As traditional news outlets struggle to grow readership and boost profitability, many are looking to new-media platforms to complement their offerings and generate revenue. Often, as with German publishing giant Axel Springer’s recent purchase of Business Insider, such deals carry a hefty price tag.
The $343 million deal was announced in September, valuing the Internet news site at $450 million. While that may sound high, Kevin Ramsier, managing partner with Vesticor Advisors, says it may be less surprising than it appears.
“Whenever an industry like this changes, when consumer preferences are changing rapidly, we see valuation models almost get thrown out of the window at times,” Ramsier says.
His firm provides clients with M&A advisory services, helping them prepare their businesses to sell at maximum value. Following a mega-deal like the Business Insider sale, Ramsier and his team evaluate the transaction, looking for takeaways they can pass along to clients and for larger trends that may impact the industry.
One reason for the premium paid for Business Insider, Ramsier notes, is the site’s relatively young and mobile-friendly audience. Axel Springer is the leading publisher in Europe with the largest share of Germany’s print newspapers, including its flagship tabloid Bild. With BI, Axel is acquiring an asset pulling 60 percent of traffic from mobile devices and 39 percent from social networks, according to Ramsier.
“This demographic shift and consumer preference shift—not a lot of people talk about it as a driving force in some of these strategic M&A deals, but that’s really what it comes down to.”
While BI isn’t Axel’s first digital asset, its 76 million unique monthly visitors will make Axel the world’s sixth-biggest digital publisher, according to The Wall Street Journal.
BI’s site features short, easily shareable articles, many of which are aggregated from other news outlets. Its headlines are often written as so-called “click-bait,” designed to appeal to a younger audience and grab readers’ attention.
“This demographic shift and consumer preference shift—not a lot of people talk about it as a driving force in some of these strategic M&A deals, but that’s really what it comes down to,” Ramsier says.
He notes, too, that the acquisition expands the English-language audience for Axel, whose readers are primarily German speakers.
A Good Deal?
Ramsier sees the financial strategy behind the BI purchase as multi-pronged: first, to expand Axel’s digital reach, or in tech speak, to “acquire as many eyeballs” on content as possible. Second, to monetize those views and finally, to maximize the profit from the revenue dollars.
Like many Internet-based media outlets, BI uses an ad-based revenue model, which Ramsier notes comes with challenges. For one, pop-up blockers are more readily available than ever, potentially threatening the viability of an advertising-based model. Competition from other niche outlets may also present an obstacle to the growth BI has achieved since its launch in 2007. Despite these potential hurdles, however, Ramsier sees Axel preparing for the future.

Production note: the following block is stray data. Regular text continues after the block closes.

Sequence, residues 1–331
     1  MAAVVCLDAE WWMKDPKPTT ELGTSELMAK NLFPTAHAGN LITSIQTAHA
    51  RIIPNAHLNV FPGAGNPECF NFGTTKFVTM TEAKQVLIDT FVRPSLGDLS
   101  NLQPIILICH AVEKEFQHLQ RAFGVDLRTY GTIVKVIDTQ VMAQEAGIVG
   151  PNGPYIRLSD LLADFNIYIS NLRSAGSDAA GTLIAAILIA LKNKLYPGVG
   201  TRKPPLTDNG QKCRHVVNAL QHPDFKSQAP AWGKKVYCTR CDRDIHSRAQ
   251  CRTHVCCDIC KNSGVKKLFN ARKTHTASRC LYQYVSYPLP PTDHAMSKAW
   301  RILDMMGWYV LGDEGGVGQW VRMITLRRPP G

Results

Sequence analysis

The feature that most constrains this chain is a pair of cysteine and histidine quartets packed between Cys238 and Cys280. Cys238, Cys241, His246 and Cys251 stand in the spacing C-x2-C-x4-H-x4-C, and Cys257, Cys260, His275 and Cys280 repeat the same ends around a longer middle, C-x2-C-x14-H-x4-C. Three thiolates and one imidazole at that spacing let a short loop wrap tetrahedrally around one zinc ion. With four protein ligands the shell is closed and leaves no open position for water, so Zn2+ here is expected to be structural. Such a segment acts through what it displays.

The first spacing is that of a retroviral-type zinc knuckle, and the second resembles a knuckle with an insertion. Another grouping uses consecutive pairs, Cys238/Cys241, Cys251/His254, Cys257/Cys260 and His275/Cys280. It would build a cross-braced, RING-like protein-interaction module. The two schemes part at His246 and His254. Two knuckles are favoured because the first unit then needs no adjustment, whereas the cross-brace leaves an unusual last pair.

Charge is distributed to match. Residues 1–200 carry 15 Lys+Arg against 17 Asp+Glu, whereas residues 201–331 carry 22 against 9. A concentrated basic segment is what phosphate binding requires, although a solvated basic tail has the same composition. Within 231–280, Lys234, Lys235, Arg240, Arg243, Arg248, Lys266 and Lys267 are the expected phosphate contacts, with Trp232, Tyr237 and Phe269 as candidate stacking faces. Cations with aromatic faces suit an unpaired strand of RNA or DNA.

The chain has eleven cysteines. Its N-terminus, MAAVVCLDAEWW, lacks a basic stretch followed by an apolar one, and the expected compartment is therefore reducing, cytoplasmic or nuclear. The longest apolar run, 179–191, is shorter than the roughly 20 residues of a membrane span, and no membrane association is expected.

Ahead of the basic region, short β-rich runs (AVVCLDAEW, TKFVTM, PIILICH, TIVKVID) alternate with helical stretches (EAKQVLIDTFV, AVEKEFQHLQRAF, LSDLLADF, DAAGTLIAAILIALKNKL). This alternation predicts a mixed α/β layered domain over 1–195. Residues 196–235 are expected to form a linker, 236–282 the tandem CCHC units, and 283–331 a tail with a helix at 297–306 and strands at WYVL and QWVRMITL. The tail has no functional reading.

“I think they’re willing to bet that they’re not going to see less people getting their news from digital sources, we’re only going to see more of it. I just hope that they can capitalize on it,” he says.
While BI will certainly expand Axel’s reach, Ramsier sees the deal as mutually beneficial. With annual revenue of about $3.2 billion, Axel is a large player in the media market, and Ramsier believes the publisher will likely improve upon BI’s offerings. Meanwhile, BI’s co-founder and chief executive, Henry Blodget, has agreed to stay on board with the company. Amazon’s Jeff Bezos also maintains the 3 percent stake in BI that he acquired in 2013.
While the BI acquisition was a blockbuster, it’s an illustration of broader industry trends, Ramsier says. As traditional media outlets look to attract wider (and younger) audiences and adapt to the digital landscape, many don’t feel equipped to do it on their own. Instead, many seek smaller firms or equals they think can add value.
According to Ramsier, traditional companies are looking at digital outlets and thinking, “Let’s not reinvent the wheel, let’s just go out and acquire or partner with them and look different than we do now five years down the road.”
“Companies that aren’t changing now to redefine themselves down the road, I would be surprised if they’re here (in the future),” he adds.
Asked if private equity firms are targeting digital media companies for investment, Ramsier says these investors seem to be waiting in the wings. Strategic buyers have been active this year, driving up valuations; private equity investors may be waiting for prices to settle before jumping in.
They may still have time. Ramsier sees this as just the beginning of a new phase in the evolution of the media industry.
“We’re seeing that companies need to compete and need to go out and get the customers they’re losing by not being reactive to their needs. We’re seeing that happen in front of our eyes, and I think it’s the early stage of this,” he says.